By Ken Glaze
On November 9, the Channel Islands National Park Historic Preservation Crew began work to repair an area of concrete “spalling” near the entrance door.
Here is what happened: concrete is not waterproof, so water filters through it. In the case of the bunker, rain tended to collect over the door which caused the water to soak through the concrete the most right there.
As in all concrete construction, the bunker’s concrete is strengthened by using steel bars. The problem is that when this water reaches the steel, the metal rusts. This rust takes up a lot more volume than the steel, so the rust pushes on the concrete until it splits. This is called “spalling” and can eventually cause large areas of the concrete to break off. Spalling isn’t very photogenic, so this is the best picture I have of it, look at the left side of the photo.
During the week of November 4, 2019, the NPS restoration crew removed roughly 10 square feet of spall, and cut away all the rusted rebar underneath. Removing the damaged concrete is the only way to repair it; once it’s split, there is no way to reattach it. A week later the crew replaced the iron rebar with fiberglass rods. Modern fiberglass is strong enough to be a stand-in for iron, and these new rods will never rust.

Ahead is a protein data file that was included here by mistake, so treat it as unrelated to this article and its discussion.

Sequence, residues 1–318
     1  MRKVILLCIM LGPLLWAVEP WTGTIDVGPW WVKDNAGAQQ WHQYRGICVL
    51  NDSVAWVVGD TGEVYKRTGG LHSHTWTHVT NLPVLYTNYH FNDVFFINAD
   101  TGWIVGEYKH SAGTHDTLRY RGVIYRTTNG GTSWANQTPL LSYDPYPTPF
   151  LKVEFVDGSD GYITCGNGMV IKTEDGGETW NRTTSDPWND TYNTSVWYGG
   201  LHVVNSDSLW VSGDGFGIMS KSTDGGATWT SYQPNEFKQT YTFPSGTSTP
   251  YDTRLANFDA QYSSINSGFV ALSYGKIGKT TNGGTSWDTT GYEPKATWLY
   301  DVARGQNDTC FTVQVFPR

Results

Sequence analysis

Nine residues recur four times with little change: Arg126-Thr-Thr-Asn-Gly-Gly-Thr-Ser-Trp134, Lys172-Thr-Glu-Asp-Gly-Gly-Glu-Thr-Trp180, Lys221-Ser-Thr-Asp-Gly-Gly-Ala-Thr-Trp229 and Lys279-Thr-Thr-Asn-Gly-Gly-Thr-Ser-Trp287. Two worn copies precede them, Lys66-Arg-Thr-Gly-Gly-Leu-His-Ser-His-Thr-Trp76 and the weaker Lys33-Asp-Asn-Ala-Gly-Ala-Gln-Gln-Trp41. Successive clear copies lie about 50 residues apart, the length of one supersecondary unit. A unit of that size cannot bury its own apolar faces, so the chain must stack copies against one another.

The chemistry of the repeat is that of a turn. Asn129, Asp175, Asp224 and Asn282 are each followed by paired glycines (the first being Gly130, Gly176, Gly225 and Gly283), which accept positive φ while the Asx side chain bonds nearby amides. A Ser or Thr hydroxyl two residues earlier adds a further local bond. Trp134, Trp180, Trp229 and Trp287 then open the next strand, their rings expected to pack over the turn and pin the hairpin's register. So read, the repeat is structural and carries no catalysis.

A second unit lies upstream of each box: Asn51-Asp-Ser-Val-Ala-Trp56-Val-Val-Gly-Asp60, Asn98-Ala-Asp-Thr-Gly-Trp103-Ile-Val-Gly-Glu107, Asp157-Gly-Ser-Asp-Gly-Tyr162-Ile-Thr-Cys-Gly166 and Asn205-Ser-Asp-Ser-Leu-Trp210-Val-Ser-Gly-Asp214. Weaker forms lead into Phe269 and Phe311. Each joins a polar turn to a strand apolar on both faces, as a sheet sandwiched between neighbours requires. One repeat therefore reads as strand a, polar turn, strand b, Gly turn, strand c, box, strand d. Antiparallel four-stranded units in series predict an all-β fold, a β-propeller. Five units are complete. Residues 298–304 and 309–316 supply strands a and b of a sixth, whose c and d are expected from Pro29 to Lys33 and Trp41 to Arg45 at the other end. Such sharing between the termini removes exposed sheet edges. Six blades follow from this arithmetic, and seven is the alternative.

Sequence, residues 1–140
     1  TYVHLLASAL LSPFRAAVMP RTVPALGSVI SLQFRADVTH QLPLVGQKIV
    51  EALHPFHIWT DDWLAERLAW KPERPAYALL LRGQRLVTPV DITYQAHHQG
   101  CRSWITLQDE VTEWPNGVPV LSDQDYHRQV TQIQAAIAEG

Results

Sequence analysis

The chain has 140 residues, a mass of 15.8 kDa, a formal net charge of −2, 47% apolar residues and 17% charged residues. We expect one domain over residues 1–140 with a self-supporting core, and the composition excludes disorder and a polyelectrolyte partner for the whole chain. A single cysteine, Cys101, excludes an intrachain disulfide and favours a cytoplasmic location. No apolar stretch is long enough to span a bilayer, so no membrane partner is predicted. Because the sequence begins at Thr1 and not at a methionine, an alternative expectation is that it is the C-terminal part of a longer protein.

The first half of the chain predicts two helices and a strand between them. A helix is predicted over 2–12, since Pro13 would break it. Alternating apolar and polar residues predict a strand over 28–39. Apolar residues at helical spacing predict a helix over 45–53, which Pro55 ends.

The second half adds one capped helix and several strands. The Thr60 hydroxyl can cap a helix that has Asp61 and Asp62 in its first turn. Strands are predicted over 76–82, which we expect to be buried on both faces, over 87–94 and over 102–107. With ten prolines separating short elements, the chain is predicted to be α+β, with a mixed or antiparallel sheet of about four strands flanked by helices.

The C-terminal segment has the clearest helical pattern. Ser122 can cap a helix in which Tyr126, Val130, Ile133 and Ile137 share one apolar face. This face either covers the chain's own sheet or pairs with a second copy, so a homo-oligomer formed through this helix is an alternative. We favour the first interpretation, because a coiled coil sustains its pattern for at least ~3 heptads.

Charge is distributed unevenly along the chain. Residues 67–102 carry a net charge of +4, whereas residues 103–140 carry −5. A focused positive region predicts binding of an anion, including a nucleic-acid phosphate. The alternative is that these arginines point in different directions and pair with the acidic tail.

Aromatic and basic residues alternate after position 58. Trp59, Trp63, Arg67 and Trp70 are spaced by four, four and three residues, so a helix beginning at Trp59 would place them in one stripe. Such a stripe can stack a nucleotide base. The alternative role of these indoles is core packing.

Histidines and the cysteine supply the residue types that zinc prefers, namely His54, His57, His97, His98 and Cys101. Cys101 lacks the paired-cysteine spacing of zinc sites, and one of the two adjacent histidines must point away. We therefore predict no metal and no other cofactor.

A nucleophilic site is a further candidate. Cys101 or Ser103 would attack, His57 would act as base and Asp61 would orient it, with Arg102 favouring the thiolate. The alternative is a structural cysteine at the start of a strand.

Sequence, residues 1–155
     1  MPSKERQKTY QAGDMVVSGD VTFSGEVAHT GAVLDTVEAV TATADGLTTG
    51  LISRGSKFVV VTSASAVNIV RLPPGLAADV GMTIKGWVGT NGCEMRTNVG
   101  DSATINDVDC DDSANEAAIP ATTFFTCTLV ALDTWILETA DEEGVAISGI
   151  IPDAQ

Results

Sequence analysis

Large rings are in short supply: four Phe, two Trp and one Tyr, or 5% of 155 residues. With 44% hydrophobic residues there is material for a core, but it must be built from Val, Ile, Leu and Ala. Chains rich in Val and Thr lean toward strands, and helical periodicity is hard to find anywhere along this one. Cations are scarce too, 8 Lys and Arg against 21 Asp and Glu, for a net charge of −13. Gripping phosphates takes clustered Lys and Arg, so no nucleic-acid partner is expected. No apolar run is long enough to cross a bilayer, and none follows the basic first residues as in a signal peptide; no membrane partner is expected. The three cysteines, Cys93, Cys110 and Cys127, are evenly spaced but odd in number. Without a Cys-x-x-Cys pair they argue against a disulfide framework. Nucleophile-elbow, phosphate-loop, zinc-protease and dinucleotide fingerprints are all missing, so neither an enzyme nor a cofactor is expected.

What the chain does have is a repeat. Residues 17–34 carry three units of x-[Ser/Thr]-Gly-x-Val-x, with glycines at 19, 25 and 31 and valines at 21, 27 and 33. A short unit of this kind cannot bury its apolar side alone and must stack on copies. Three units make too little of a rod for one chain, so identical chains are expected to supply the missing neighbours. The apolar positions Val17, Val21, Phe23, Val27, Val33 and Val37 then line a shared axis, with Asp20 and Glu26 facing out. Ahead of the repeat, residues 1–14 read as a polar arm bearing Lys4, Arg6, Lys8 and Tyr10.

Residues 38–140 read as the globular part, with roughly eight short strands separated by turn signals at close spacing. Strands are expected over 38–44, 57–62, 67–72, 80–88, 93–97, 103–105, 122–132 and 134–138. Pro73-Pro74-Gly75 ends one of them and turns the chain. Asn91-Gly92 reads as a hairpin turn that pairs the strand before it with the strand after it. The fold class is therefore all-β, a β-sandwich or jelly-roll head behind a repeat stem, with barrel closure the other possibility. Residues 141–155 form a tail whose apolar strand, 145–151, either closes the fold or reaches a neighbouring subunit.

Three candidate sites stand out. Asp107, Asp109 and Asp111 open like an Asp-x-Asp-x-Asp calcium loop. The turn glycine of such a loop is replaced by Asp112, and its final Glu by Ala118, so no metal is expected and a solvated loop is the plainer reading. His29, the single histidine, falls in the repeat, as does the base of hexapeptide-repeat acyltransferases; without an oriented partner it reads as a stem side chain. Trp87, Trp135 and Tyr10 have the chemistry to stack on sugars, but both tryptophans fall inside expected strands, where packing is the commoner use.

On November 18, the crew masked, prepped, set forms and poured new concrete. Just like painting, preparation is everything.
In addition to the new concrete, the team also filled in some cracks that were appearing in the roof, and restored the hillside around the bunker, to encourage the rain to go around the bunker, rather than over it.
By the time you’re reading this, the new concrete should be fully cured and ready to stand for the next three quarters of a century.
You can visit the Bunker almost every Saturday (the exception is when there are five Saturdays in a month). The Bunker is scheduled to be open again on Pearl Harbor Day, December 7.